Archive for June, 2009

Is Jesus like a dentist?

Posted in Church with tags , , on June 24, 2009 by stephengardner


I’m preaching on John 3.16-21 this Sunday at CCIW Five Dock. The passage has some profound insights into the human heart. John records that what stops people from coming to Jesus is not a question of his relevance or doubt of his historicity. But what really stops people from coming to Jesus is the darkness of their heart.

And this is the judgment, that the light has come into the world, and people loved darkness rather than light because their deeds were evil.  For all who do evil hate the light and do not come to the light, so that their deeds may not be exposed. (John 3.19-20 NRSV)

During the sermon I’m going to do an interactive skit involving someone from the congregation. Without giving too much away, I try to convince the particular person that going to the dentist is a good thing.

Many people are afraid of going to the dentist for what will be exposed, will he/she find something wrong with me that is going to cause pain, cost money or take up valuable time? So, many of us take the wise option of burying our heads in the sand. Surely that will fix the toothache.

Coming to Jesus is to come and have him expose you–for his judgment to penetrate deep into your own heart. Sure, that can be painful and costly, and you can bet Jesus will demand your time. But isn’t it worth it!

What do you think stops us from having the Light of World expose us? I’d love to hear your thoughts…


Pilgrim’s Podcast Episode 6

Posted in The Pilgrim's Podcast with tags , , , , , , on June 23, 2009 by stephengardner


I have been a bit slack with the blogging of late, we’ve had exam nightmares here at MTC, but I’m back…well at least the podcast is!

Today Mark and I interviewed Justin Moffatt and we had a blast. It was great to hear Justin’s thoughts on whole heap of things. If you’ve got an interest in inner city ministry, give it a listen. Or if you just want to hear a bit about whats going on in NYC then give it a listen…


You can find it over on the podcast page.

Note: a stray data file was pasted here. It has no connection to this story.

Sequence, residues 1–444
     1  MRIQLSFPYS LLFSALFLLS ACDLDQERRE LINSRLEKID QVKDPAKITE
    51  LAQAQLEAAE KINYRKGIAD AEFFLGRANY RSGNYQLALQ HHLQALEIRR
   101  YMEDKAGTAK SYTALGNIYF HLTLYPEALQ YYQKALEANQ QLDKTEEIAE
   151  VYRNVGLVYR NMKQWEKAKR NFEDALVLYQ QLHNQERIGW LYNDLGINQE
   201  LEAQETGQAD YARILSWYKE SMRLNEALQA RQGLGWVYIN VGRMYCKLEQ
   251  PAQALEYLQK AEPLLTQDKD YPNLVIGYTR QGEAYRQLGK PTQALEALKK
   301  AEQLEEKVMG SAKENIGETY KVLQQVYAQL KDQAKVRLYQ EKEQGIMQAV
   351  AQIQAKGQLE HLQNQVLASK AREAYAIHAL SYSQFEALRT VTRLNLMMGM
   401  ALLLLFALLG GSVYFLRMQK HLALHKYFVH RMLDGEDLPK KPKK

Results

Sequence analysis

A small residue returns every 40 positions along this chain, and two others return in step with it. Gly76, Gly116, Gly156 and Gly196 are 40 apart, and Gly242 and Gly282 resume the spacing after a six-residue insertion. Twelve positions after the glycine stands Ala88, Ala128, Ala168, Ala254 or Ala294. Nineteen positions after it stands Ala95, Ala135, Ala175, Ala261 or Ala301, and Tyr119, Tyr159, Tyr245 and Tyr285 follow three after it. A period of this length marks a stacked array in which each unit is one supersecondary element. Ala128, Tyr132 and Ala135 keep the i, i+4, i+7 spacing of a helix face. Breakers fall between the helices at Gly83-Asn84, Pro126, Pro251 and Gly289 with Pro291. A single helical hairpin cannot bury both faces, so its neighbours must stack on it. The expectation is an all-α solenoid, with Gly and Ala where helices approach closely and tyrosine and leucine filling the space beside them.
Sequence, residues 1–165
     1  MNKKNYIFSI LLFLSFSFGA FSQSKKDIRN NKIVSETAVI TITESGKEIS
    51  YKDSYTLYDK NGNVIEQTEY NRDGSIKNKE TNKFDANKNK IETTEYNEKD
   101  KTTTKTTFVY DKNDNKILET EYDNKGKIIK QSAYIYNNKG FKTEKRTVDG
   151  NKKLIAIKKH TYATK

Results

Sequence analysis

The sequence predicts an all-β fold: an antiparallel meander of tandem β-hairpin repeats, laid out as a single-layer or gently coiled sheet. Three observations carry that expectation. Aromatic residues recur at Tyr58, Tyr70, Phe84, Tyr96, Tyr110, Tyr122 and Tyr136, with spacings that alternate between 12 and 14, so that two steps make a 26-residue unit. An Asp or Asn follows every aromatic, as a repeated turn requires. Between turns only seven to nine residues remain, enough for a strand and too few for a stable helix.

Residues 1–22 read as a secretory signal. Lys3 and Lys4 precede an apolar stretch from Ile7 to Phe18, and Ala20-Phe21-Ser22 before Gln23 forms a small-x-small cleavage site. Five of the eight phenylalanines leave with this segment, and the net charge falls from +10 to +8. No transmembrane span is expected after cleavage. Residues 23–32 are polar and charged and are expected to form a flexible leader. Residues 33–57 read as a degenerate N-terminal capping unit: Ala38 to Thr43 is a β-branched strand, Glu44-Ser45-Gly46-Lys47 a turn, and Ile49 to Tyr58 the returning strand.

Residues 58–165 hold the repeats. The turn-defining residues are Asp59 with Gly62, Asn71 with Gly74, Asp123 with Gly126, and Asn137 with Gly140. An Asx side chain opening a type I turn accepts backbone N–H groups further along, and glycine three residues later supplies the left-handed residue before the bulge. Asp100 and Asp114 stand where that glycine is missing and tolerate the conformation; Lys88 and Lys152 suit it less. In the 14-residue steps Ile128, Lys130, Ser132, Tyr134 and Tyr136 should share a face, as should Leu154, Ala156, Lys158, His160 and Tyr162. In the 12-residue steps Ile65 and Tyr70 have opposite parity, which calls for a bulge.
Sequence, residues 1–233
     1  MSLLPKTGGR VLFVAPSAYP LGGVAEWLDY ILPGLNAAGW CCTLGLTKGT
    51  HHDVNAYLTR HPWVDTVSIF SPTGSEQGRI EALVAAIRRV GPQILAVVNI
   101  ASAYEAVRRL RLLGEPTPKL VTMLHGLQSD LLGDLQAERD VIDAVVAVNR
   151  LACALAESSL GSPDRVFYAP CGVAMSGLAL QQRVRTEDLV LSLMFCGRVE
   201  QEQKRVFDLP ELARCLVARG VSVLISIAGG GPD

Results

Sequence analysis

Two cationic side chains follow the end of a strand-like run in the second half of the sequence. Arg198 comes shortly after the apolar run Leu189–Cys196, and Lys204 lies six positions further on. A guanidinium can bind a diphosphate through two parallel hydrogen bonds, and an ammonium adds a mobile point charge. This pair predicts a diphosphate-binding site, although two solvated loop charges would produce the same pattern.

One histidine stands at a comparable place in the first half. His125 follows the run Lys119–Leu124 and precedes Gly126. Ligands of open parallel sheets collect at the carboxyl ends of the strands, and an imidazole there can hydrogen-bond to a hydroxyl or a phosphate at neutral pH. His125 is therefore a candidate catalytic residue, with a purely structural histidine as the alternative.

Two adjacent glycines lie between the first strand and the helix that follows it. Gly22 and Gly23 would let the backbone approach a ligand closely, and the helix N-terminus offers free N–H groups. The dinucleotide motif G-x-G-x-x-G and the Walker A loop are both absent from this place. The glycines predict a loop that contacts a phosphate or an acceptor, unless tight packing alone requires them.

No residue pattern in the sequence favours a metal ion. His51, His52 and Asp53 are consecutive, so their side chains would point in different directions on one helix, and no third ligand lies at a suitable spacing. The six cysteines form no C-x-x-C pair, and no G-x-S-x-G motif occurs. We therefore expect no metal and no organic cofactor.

And remember, we’d love to hear from you. What things would you like to hear about?

Pilgrim’s Podcast Episode 5

Posted in The Pilgrim's Podcast with tags , , , on June 15, 2009 by stephengardner

G’day all,

The next installment in the Pilgrim’s saga is now up on the podcast page. Check it out to hear from a good friend, Matt Moffitt.

Matt standing in front of the Golden Wall

Matt standing in front of the Golden Wall

Listen to Matt’s work at CMS, his thoughts about blogging and some rambling about cars and how to get a brand new prize!


Pilgrim’s Podcast Episode 4

Posted in The Pilgrim's Podcast with tags , , , on June 10, 2009 by stephengardner

This is a little late sorry…But episode 4 is now up on the podcast page.


Episode 4 features Ruth Lee, chatting about the RICE explosion, her work with Equip and Chatswood Presbyterian Church. Its worth listening to, to get a feel for what God is doing through RICE. Great stuff!

Also in this feature is a brief history of…dentistry, as well as some more prizes and announcements! Have a listen and stay tuned for next Monday when we interview Justin Moffatt on inner city ministry and his experience in New York…

Vertical or horizontal?

Posted in Church with tags , , on June 5, 2009 by stephengardner

I was involved in a discussion recently concerning the structure of church services and the community’s involvement in the service… One of the values everyone agreed upon was the need for the church community to feel responsibility for one another and to express that as part of their duty to teach and admonish one another.

Initially the conversation revolved around ways in which that responsibility can be expressed in a church service. Including: prayer request moments, sharing/testimony spots, interviews and teaching each other in song – the basic value in each of these was that a variety of lay people should be involved in the service.

Soon after the conversation moved towards getting the balance right between the horizontal and the vertical. What I mean by that is, emphasising the gathering to teach and encourage one another (horizontal) and emphasising the gathering to worship together (vertical).


This provoked a thought; by emphasising the vertical in the church service don’t you manage to hit both anyway? By gathering together for corporate worship (lets not forget that’s what Church is) we, in a sense, enact what it is that gives us fellowship with one another. We come together in awe of Christ at Church, because we come together in Christ as he breaks down the wall that divided us. It is our union with him that has made us one.

I plan to post some more thoughts as to what doing ‘the vertical’ might look like a bit later…But in the meantime, I would be interesting to know how ‘vertical churches’ go at generating strong, healthy communities where people teach and admonish one another.